News Press reporters Janine Zeitlin and Laura Ruane accept an award for their coverage of bike safety issues in South Florida. Photo: Florida Department of Health via News Press

News-Press reporters Janine Zeitlin (center) and Laura Ruane (right) accept an award for their coverage of bike safety issues in South Florida. Photo: Florida Department of Health via News Press

But a newspaper in South Florida has taken a very different approach over the last few years, unabashedly advocating for safer streets for cycling. And it’s earning accolades in the process.

The News-Press in the Fort Myers, Florida, region won praise from the Columbia Journalism Review and local safety advocates for its “Share the Road” series, highlighting the danger faced by cyclists in a deadly corner of the deadliest state for biking.

Starting in the summer of 2014, News-Press reporters have shed light on bicyclist fatalities on local roads, and what can be done to stop the loss of life.

In the year the series launched, eight cyclists were killed in Lee County (population 661,000), the News-Press reported. By comparison, in Portland (population 609,000), one cyclist was killed in 2014 and zero in 2013.

The News-Press dug into the problem, running a feature on each of the 12 people killed while biking in Lee and Collier counties, which include the communities of Naples, Cape Coral, and Fort Myers. These areas are both huge tourist destinations and home to lots of low-income workers and immigrants. The roads are notoriously dangerous for people walking or biking.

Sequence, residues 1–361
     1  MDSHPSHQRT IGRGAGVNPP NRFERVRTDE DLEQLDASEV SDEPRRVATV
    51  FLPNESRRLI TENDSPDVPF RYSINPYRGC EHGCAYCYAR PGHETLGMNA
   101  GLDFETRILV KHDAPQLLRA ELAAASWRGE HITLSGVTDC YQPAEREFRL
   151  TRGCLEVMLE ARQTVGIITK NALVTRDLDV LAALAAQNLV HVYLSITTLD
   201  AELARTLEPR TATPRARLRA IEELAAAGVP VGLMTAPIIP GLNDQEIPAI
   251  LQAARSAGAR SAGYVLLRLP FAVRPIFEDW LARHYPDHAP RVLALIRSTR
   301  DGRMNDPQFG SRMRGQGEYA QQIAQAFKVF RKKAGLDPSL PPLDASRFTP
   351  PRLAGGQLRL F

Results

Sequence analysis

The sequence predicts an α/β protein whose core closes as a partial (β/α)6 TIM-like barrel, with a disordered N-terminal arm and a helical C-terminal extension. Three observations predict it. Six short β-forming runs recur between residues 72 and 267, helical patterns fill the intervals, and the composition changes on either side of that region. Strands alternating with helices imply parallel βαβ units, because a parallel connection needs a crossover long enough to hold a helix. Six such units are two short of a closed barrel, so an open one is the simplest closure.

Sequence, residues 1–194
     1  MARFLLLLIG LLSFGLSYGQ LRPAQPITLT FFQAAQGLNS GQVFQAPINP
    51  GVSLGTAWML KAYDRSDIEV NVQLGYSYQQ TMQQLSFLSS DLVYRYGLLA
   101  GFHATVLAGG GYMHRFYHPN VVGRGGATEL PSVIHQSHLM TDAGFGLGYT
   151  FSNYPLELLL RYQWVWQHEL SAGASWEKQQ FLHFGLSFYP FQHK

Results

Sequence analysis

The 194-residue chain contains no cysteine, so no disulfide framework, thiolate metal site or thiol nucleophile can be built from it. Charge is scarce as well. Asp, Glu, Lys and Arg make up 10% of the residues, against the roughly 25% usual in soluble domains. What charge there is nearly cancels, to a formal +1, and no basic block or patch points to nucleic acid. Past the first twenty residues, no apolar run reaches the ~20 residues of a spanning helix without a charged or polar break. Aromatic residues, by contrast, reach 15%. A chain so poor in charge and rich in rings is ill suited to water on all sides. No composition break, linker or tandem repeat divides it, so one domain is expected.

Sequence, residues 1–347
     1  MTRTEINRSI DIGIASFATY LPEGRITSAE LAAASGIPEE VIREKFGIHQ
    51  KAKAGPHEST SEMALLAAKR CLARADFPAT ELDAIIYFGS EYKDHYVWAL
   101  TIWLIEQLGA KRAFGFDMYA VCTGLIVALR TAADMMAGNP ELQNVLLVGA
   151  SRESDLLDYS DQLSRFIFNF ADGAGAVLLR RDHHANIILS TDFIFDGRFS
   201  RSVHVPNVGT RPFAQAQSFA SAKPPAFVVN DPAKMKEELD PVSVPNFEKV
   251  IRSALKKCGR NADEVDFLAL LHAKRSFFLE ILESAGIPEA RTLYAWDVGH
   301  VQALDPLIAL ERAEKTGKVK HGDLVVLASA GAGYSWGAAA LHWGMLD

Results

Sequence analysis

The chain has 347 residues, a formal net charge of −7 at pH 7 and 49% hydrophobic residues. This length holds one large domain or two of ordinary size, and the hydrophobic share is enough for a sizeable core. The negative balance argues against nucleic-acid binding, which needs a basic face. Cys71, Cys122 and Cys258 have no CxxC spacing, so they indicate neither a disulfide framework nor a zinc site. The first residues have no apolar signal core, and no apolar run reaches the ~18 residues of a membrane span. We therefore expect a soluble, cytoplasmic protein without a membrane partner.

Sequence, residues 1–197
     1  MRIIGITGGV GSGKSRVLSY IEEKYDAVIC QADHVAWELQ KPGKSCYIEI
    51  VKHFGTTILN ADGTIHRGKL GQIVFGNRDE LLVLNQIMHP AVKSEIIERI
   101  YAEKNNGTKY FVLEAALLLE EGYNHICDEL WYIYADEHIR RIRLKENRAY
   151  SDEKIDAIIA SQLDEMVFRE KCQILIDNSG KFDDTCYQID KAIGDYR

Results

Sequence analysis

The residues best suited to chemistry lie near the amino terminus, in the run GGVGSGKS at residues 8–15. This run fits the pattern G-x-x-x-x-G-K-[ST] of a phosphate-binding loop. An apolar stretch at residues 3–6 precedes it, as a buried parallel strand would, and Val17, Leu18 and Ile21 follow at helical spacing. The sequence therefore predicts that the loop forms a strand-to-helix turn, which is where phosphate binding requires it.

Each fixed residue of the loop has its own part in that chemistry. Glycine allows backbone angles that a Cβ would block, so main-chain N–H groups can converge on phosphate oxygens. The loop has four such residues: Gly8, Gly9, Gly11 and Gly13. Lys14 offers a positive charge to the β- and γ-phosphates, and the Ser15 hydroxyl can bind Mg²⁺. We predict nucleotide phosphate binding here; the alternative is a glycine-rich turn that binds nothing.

Led by reporter Janine Zeitlin, who used to bike but stopped because it felt too risky, the News-Press combed through data about what was causing the collisions. Among the factors they identified: “wide and fast roadways,” “lagging infrastructure and laws,” “bad drivers,” and “lack of safety education.”

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Federal Report: Bad Street Design a Factor in Rising Ped/Bike Fatalities

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A new report from the non-partisan Government Accountability Office [PDF] examines why people walking or biking account for a rising share of traffic deaths in the United States. While the conclusions aren’t exactly earth-shattering, one culprit the GAO identified is street design practices that seek primarily to move cars.

The investigation was ordered by U.S. representatives Rick Larsen (Washington State), Peter DeFazio (Oregon) and Eleanor Holmes Norton (DC) in response to increasing pedestrian and cyclist deaths. Between 2004 and 2013, traffic deaths dropped steadily for drivers, but inched up for people walking or biking, according to the GAO. The cause of the discrepancy isn’t clear.

The GAO interviewed officials from state and local transportation agencies, U.S. DOT, and bike and pedestrian advocacy groups about obstacles to safety. Its conclusions reflect the attitudes of the institutions that were interviewed, without adding much in the way of data analysis.